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I have seen the following in a query that was supposed to be ported from Oracle outer join syntax to SQL standard outer join syntax:

SELECT ...
FROM A, B, C, D, E
WHERE A.A_ID = B.A_ID
AND B.B_ID = C.A_ID(+)
AND B.B_KEY = C.B_KEY(+)
AND C.C_ID = D.C_ID(+)
AND B.A_ID = E.A_ID(+)
AND B.B_KEY = E.B_KEY(+)
AND 'CONSTANT' = C.X_ID(+)

Now translating the outer join syntax is normally quite a mechanical process, but that last line had me baffled. What does it mean? What effect does it have?

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2 Answers

I tried to perform the mechanical process. I hope I remember it right.

This leads to:

SELECT ...
FROM A
         join B on A.A_ID = B.A_ID
    left join C on B.B_ID = C.A_ID and B.B_KEY = C.B_KEY and 'CONSTANT' = C.X_ID
    left join D on C.C_ID = D.C_ID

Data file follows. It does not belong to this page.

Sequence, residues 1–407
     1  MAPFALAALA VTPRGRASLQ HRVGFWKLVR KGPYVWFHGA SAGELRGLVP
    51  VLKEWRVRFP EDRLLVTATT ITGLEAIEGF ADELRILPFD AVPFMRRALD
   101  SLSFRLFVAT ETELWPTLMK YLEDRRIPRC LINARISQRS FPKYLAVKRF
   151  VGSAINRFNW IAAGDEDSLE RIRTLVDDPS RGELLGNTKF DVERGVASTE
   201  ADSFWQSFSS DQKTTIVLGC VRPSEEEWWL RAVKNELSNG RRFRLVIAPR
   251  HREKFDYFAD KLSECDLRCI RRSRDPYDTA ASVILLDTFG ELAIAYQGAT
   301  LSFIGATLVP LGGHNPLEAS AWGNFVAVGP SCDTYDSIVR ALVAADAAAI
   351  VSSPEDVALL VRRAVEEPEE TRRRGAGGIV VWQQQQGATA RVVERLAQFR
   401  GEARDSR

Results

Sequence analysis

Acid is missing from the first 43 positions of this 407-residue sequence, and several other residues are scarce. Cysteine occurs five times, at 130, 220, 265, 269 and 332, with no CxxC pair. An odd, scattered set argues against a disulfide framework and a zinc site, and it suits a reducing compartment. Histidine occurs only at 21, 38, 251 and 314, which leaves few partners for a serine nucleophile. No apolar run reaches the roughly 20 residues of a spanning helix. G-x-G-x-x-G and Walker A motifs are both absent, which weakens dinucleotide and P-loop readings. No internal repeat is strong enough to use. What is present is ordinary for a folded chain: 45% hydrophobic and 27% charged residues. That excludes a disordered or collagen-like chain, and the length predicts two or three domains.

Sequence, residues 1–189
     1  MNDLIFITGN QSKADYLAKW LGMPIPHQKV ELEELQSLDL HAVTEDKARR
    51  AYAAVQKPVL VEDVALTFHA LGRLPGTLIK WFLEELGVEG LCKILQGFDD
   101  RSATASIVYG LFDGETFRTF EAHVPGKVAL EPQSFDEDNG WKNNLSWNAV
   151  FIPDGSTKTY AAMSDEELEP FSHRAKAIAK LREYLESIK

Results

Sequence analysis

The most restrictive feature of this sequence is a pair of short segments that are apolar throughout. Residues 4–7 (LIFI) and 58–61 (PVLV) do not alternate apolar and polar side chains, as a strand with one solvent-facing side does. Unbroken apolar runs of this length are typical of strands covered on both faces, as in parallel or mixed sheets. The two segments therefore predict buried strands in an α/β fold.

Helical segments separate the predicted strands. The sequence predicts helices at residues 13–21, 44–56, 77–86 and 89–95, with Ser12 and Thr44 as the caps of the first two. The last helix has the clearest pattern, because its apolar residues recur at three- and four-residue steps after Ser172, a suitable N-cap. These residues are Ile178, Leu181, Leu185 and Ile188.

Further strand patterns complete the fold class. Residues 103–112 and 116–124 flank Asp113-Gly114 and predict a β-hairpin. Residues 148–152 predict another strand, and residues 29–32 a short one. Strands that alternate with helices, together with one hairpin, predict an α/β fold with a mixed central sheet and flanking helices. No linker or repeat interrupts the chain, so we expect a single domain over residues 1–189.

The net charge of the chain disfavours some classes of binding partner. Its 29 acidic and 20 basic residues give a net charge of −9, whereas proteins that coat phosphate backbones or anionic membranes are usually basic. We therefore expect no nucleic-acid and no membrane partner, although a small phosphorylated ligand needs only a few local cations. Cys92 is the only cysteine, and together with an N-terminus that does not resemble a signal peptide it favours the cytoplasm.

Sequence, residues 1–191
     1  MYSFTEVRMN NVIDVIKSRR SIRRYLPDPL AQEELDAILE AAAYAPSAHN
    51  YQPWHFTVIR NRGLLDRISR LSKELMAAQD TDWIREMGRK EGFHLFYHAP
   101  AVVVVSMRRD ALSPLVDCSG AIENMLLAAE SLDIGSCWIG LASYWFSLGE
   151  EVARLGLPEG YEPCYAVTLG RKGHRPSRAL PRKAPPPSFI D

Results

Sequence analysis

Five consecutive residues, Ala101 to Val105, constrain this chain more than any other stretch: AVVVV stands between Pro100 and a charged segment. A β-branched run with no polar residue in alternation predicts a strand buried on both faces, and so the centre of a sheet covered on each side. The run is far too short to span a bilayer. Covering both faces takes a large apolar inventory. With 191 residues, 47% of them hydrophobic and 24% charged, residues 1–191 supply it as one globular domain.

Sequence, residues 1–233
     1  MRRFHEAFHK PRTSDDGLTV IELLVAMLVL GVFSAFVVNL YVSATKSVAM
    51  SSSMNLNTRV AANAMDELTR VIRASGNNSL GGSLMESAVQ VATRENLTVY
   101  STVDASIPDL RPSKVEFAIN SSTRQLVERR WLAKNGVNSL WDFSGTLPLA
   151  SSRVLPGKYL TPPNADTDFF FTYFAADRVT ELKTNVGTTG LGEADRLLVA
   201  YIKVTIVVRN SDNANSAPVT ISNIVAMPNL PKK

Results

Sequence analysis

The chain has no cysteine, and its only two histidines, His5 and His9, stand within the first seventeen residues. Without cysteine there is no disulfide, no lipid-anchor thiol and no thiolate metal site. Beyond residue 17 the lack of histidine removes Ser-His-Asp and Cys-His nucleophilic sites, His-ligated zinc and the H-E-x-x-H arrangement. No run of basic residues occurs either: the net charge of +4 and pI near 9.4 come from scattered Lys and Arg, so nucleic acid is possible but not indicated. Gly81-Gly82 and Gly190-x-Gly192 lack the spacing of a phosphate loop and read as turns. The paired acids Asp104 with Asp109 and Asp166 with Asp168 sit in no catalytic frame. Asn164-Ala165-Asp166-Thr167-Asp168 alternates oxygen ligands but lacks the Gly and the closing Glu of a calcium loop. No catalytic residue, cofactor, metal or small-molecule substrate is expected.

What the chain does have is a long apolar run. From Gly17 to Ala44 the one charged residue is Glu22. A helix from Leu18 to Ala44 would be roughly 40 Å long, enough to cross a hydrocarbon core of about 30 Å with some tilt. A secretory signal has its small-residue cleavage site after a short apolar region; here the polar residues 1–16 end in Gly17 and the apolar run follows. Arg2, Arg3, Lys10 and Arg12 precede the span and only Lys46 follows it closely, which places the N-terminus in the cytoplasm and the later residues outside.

left join E on B.A_ID = E.A_ID and B.B_KEY = E.B_KEY

In short I think Leigh Riffel's answer is correct.

Note

in old days the rule to memorize was: oracle where A.a = B.b (+) becomes A.a *= B.b in SQL-Server old syntax the plus goes to the opposite side and becomes a star, which means A left join B on A.a = B.b

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1  
Interesting and helpful formula . Thank u :) –  vettipayyan Jan 8 '11 at 17:50
    
Excellent conversion. –  Leigh Riffel Jan 10 '11 at 14:44
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The line requires c.X_ID to be equal to the constant value or for there to be no record from the C table. Of course since it is left joined it won't limit the records from the A table, only limit the records from the C table that get joined. Here is a demonstration:

Setup:

CREATE TABLE T1 as (select rownum+1 t1_id from dual connect by rownum <= 4);
CREATE TABLE T2 as (
   select rownum t1_id, DECODE(rownum,2,'CONSTANT',3,'NoMatch') CompareField 
   from dual connect by rownum <= 3
);
SELECT * FROM T1;
SELECT * FROM T2;

Results:

SELECT T1.t1_id, T2.t1_id, T2.CompareField
FROM T1, T2
WHERE T1.t1_id = T2.t1_id(+)
AND 'CONSTANT' = T2.CompareField(+)
ORDER BY 1;

Or:

SELECT T1.t1_id, T2.t1_id, T2.CompareField
FROM T1 LEFT JOIN T2 ON T1.t1_id = T2.t1_id 
AND 'CONSTANT' = T2.CompareField
ORDER BY 1;
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